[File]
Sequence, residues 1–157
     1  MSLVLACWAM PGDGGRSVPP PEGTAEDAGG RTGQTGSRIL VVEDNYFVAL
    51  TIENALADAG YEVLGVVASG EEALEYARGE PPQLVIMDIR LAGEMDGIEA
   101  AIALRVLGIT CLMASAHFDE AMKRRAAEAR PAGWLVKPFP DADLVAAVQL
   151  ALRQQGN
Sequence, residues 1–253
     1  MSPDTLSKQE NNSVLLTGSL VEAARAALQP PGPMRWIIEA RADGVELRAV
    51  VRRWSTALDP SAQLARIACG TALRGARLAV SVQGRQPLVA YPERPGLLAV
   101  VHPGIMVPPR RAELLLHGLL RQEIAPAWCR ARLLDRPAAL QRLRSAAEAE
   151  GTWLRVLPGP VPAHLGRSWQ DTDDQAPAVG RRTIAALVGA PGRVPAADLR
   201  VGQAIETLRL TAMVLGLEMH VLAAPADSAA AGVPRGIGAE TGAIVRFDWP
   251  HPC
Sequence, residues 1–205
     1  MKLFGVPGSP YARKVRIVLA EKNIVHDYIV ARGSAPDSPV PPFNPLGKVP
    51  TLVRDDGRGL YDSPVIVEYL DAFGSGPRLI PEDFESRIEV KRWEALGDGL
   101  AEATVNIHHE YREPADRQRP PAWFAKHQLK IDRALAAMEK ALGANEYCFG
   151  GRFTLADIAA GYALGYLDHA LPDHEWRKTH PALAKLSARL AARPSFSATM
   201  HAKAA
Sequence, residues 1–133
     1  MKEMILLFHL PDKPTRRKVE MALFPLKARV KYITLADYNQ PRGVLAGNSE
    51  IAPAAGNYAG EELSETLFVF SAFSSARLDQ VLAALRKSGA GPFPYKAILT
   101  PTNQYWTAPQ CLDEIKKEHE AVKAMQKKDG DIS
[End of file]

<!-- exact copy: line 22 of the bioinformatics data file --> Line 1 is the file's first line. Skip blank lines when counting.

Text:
   101  PTNQYWTAPQ CLDEIKKEHE AVKAMQKKDG DIS